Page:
For Pundits, Why It Pays to Play the Heretic

Who's winning, who's losing, and why.
April 30 2012 6:40 PM

Hug Me, I’m a Heretic

For pundits, why it pays to play the heretic.

(Continued from Page 1)

Bruce Bartlett. Effective apostasy period: 2005-present. In his mid-20s, Bartlett was working for Rep. Ron Paul. In his 30s, he worked for the Heritage Foundation and for Ronald Reagan’s White House. His rebel life began in 2005, when his think-tank superiors read the manuscript of his book about George W. Bush’s betrayal of the movement. The think tankers sided with Bush. He was freed, in a way, to become a conservative critic of conservatives, the inspiration for headlines like “Former Reagan Official: Rick Perry’s an Idiot.”

“I seldom say anything supportive of Obama or the Democratic Party or their agenda,” says Bartlett. “I mostly criticize those on the right for stupidity, mendacity, sloppy thinking, lying, putting party, and tribal loyalty above truth, etc. For this, those on the right lump me in with the left as if there is no difference between being a critic of the right and being a member of the left.” He criticizes both sides. That gives him an endless supply of credit when he needs to hit Republicans.

Pat Caddell. Effective apostasy period: 1988-present. He was one of the Democratic Party’s best-known strategists for a decade, polling for four presidential campaigns—one of them actually successful. In 1988 he pulled away from the Democratic firm he worked for and nearly quit politics. But—and this is the key to apostate success—reporters knew where to find him when they needed quotes. By summer he was telling the Los Angeles Times that Michael Dukakis, his party’s eventual nominee, “doesn't have anything to say.”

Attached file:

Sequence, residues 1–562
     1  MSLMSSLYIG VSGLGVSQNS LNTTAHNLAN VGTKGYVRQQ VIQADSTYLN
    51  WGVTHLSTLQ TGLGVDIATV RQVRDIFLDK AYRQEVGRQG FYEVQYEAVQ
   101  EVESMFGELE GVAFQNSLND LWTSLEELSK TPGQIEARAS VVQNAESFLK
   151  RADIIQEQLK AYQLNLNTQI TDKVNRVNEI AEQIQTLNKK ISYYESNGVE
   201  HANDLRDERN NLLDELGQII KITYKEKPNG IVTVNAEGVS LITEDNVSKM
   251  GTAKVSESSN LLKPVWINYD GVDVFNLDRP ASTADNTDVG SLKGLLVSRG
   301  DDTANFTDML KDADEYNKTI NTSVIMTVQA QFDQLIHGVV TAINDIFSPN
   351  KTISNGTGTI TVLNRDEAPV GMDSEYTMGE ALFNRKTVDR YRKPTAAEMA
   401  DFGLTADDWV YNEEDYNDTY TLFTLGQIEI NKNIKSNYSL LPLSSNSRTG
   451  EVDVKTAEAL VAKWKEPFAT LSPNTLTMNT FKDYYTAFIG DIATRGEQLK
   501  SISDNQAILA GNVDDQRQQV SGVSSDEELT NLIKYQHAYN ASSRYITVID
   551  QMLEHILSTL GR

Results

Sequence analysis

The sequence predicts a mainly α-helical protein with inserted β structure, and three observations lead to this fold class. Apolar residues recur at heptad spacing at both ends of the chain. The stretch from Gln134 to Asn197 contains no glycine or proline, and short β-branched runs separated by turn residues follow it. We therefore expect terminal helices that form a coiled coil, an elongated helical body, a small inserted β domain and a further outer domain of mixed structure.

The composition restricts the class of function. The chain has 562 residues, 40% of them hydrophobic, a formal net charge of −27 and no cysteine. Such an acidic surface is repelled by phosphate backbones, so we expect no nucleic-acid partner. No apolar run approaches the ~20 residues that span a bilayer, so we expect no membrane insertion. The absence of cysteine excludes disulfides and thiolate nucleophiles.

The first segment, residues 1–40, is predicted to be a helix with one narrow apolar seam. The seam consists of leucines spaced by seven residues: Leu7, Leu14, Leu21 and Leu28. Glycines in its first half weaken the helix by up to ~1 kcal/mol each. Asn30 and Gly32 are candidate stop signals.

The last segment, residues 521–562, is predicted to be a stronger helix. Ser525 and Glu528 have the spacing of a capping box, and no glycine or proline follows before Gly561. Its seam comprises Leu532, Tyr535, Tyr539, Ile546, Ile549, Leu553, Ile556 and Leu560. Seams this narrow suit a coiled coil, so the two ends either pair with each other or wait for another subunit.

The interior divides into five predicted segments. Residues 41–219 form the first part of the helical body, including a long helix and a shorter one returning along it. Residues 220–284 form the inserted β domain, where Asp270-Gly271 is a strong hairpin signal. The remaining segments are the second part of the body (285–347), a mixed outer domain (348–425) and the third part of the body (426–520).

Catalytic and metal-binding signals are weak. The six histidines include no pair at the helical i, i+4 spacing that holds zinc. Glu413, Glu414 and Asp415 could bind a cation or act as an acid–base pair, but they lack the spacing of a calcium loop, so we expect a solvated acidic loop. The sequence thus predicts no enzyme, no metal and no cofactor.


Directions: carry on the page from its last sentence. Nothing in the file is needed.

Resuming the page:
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For the past decade he’s been a reliable “Democratic” voice on Fox News, where his often-wrong judgment of his old party is always, always framed as the righteous indignation of the true believer. When he filed a column about Barack Obama’s weakness or unelectability or “overly partisan” nature, he is bylined as “a pollster for President Jimmy Carter.” This is because when modern Democrats hire him, they have to fire him after he calls union members “thugs” or agrees too vigorously with David Horowitz.

Why does any of this matter? The Mann/Ornstein thesis isn’t actually new. In the column, and in the accompanying book (It’s Even Worse Than It Looks), they make the sort of points that columnists like Ezra Klein or James Fallows make about Washington: People, we can’t get anything done because these Republicans won’t raise any revenue. But that’s an argument that makes the Democrats look like put-upon do-gooders. Thus, it’s partisan. Thus, nobody wants to hear it unless there’s an apostate in charge of the mic-check.

Mann/Ornstein figured this out. “A balanced treatment of an unbalanced phenomenon distorts reality,” they wrote. “If the political dynamics of Washington are unlikely to change anytime soon, at least we should change the way that reality is portrayed to the public.” Do we really have to sit and wait for the apostates to point that out?

*Correction, May 1, 2012: This article originally stated that former Sen. Paul Coverdell of Georgia died in a plane crash.